Moody’s Investors Service said the debt burden for Sub- Saharan Africa will increase due to its low revenue generating capacity induced by Covid-19 pandemic.
Moody’s said this in its outlook published on Wednesday.
Kelvin Dalrymple, Vice President– Senior Credit Officer at Moody’s Investors Service said,”We do not expect debt burdens to come down in the foreseeable future as revenue generation capacity remains weak.
“Higher debt loads, lower government revenue, and higher interest costs will increasingly challenge debt affordability. Contingent liabilities from state-owned enterprises also pose an additional risk.
“Most Sub-Saharan African governments’ debt burdens will stabilise at materially higher levels in 2021, with the average debt burden for the region at around 64 per cent of GDP in the near to medium term.”
Nigeria’s debt alone as of 2020 amounts to N32.22trn ($84.57bn) partly heightened by a plunge in oil revenues. The country allocated N3.27trn on debt servicing in the same year.
Details from the approved N13.59trn 2021 budget reveal that Nigeria would spend N3.32trn on debt servicing.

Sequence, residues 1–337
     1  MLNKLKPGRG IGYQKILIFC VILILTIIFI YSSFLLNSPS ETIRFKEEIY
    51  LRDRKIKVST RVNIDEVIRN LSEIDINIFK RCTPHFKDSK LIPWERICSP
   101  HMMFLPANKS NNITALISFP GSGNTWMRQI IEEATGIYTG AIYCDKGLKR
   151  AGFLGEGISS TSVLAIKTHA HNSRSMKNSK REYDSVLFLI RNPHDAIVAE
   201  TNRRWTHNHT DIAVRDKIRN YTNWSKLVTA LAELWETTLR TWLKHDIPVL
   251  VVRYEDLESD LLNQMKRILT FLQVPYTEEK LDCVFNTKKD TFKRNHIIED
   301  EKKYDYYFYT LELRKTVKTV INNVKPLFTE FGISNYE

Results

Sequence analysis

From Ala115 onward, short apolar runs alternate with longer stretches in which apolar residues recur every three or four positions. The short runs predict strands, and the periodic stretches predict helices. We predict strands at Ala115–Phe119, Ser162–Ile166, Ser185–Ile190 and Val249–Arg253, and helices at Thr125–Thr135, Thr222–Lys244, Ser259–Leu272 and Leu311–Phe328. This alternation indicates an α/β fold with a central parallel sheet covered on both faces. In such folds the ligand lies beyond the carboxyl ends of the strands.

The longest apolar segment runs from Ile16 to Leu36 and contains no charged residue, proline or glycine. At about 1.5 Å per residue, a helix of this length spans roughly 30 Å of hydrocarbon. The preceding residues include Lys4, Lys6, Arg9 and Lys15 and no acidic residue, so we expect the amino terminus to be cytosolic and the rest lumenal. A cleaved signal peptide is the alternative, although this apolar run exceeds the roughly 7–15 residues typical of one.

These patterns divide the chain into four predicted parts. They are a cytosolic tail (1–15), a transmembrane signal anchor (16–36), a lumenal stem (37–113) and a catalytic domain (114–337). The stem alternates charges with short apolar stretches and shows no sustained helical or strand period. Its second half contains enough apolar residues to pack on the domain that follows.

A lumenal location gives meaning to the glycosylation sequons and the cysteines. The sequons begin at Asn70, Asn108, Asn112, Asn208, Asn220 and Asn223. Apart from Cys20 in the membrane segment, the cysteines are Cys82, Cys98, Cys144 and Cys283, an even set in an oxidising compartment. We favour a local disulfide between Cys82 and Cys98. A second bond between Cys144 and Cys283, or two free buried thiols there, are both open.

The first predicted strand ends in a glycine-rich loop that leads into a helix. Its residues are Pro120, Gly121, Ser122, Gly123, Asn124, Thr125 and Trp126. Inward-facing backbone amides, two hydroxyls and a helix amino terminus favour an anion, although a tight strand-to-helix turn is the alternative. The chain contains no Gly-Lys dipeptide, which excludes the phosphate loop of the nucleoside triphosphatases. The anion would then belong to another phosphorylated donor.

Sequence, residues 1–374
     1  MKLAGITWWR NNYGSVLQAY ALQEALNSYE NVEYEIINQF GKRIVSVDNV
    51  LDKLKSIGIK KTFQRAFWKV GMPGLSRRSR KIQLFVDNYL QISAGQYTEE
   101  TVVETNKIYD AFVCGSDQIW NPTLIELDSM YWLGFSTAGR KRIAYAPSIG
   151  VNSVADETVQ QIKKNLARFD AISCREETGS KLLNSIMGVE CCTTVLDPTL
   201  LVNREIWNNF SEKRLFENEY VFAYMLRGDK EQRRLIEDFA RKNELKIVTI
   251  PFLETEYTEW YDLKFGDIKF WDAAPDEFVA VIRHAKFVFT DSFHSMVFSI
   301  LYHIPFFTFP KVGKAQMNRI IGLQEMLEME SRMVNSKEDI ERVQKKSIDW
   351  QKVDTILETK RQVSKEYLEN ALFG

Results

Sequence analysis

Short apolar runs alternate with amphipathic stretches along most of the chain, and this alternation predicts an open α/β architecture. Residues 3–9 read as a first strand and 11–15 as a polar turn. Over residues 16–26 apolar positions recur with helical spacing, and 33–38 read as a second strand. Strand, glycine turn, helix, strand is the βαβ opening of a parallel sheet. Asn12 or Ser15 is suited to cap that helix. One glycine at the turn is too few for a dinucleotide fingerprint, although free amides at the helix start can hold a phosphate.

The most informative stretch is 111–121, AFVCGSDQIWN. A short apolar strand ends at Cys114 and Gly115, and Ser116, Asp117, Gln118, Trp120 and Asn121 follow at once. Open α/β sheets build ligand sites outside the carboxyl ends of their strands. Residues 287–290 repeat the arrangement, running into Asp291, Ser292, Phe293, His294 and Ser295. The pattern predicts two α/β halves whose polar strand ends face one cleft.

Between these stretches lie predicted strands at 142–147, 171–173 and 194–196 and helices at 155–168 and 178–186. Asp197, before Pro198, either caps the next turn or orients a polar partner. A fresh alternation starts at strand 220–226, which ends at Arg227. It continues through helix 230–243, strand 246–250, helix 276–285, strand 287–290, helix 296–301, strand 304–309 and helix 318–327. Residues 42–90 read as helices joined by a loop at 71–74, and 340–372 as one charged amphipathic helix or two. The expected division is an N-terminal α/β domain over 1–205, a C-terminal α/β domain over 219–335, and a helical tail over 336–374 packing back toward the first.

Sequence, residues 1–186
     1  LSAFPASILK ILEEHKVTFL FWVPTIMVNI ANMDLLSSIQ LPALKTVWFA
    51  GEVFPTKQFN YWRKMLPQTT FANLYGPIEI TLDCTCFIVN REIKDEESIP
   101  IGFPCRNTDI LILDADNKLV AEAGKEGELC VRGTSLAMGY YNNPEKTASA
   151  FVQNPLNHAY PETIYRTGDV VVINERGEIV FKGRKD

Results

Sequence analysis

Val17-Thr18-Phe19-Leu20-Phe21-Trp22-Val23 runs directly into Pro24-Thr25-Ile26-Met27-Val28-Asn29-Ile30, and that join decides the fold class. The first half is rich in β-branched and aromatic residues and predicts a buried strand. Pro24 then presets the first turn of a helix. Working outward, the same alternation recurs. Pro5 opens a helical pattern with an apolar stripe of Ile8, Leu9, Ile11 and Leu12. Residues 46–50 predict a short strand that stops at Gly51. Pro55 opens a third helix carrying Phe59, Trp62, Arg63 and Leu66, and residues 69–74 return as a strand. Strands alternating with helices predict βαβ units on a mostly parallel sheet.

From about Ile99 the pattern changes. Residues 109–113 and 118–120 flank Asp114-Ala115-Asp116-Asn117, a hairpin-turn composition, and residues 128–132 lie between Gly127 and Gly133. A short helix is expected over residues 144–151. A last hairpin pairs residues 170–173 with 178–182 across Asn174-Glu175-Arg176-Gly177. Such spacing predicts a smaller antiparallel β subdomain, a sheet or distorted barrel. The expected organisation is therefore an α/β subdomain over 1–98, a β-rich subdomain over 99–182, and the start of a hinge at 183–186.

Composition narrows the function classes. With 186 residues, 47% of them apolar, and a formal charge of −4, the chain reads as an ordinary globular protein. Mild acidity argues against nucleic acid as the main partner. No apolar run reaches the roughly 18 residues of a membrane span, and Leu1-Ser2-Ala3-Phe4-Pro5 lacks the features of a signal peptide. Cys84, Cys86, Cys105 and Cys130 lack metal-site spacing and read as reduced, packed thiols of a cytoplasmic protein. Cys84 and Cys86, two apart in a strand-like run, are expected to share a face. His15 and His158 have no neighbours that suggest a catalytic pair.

But the New York based firm said, “The negative 2021 outlook for Sub-Saharan African sovereigns reflects the severe economic challenges the region will grapple with in the fallout from the coronavirus shock.”
Sub-Saharan African countries also face a wide range of institutional and governance challenges, limiting their ability to deal with the coronavirus shock, Moody’s said.
The pandemic had triggered huge job losses and income inequality across the continent with Nigeria taking its share of the fallout.
Moody’s said it would likely increase social risks across several countries.
“Non-energy commodity exporters in East Africa and West Africa will remain the most dynamic economies, with growth driven by domestic demand and high public investment rates,” Moody’s added.
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